Murchison Falls Nationalpark
Murchison Falls was the first National Park we visited in Uganda.
And we were astonished from the first moment we “sat foot” in that park.
The savannah landscape is so wide you can see giraffes so tiny it’s hard to see their spots.
It’s the place where the Nile explodes through a narrow gorge and becomes a placid river.
It’s a spectacle to witness those masses of water crash down between the rocks.
The Nils banks are thronged with hippos, crocodiles, waterbucks and buffaloes.
And we did see all of them.
On a half-day river safari we saw lots of those “floating rocks” – that’s how our guide Charles called the hippos.
Crocodiles were taking a sunbath on the river’s shores.
Waterbucks and buffaloes did enjoy the cool river water.
We also were lucky and saw lots of elephants even a few young ones.
They came so close to the road we could see all their wrinkles.
Another really rare sight was our first leopard – we saw one on the second day in the national park.
During our first early morning game drive, which was actually a pretty funny story.
We came across the ruins of the old Pakuba Lodge – Idi Amin’s favorite hideaway during the 1970’s.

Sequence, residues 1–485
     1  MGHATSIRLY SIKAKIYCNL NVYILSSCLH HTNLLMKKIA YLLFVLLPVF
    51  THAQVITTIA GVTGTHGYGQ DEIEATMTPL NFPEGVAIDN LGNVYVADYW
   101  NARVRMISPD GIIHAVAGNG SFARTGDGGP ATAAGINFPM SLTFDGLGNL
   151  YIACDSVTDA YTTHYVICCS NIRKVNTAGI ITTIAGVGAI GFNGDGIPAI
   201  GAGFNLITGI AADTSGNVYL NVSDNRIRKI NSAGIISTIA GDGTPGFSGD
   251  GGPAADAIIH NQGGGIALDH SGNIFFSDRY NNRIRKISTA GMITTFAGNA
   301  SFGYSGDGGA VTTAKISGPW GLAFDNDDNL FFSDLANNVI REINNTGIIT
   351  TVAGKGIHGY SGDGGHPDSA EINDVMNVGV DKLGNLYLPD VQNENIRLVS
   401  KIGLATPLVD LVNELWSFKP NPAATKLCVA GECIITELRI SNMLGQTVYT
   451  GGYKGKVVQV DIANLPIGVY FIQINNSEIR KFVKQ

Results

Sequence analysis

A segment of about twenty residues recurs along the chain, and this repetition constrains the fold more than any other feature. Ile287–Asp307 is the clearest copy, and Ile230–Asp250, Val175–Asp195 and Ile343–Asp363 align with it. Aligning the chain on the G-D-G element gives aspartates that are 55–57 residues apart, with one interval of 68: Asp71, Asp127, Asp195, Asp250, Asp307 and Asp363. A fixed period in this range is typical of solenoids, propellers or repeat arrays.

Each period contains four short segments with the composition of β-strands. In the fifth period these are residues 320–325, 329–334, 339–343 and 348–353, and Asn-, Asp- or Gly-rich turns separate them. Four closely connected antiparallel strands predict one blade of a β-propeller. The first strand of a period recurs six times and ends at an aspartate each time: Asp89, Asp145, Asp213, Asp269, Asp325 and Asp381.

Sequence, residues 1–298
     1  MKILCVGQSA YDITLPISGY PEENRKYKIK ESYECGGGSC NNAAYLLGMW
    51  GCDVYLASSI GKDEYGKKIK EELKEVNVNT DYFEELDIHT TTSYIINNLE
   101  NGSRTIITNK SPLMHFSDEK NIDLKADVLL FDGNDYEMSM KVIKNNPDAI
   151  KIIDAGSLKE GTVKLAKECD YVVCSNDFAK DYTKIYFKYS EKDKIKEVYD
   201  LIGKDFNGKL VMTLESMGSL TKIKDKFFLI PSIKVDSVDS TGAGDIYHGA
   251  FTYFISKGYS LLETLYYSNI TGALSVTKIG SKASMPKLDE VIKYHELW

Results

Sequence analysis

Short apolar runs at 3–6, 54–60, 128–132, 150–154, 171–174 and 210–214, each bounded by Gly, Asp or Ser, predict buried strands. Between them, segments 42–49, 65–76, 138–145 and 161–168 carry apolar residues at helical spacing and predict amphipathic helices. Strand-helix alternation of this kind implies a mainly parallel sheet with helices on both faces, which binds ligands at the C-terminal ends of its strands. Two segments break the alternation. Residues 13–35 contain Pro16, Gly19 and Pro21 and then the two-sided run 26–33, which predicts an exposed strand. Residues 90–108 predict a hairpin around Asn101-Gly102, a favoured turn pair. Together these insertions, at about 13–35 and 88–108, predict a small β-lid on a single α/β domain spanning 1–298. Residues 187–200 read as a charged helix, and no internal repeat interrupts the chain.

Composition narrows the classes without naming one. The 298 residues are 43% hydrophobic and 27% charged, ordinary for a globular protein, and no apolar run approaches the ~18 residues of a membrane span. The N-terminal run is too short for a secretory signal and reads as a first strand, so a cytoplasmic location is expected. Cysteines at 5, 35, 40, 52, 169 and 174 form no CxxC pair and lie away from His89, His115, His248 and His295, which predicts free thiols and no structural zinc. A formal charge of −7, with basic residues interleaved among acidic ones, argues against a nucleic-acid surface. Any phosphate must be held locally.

Over the years, since his ouster from power in 1979, the facilities went into disrepair.
I asked our guide Charles if I can look inside.
He denied my request immediately – and I found out why only a few seconds later.
We saw our first leopard.
On top of the ruin.
We didn’t see any lions in Murchison Falls but encountered lots of giraffes, hartebeests, oribis, Uganda kobs and also one hyena.
In Murchison Falls we stayed at the Pakuba Safari Lodge.
We were the only guests at that time which was kind of weird but also incredible – we got all the attention. :)
After our first night – we slept like babies – we found out we had a little roommate.
A tiny bat was spending the night with us.
Murchison Fall National Park offers an amazing amount of wildlife.
We saw 3 of the big 5:
Curious which other animals we saw in Uganda?
Read more in the posts about the other National Parks.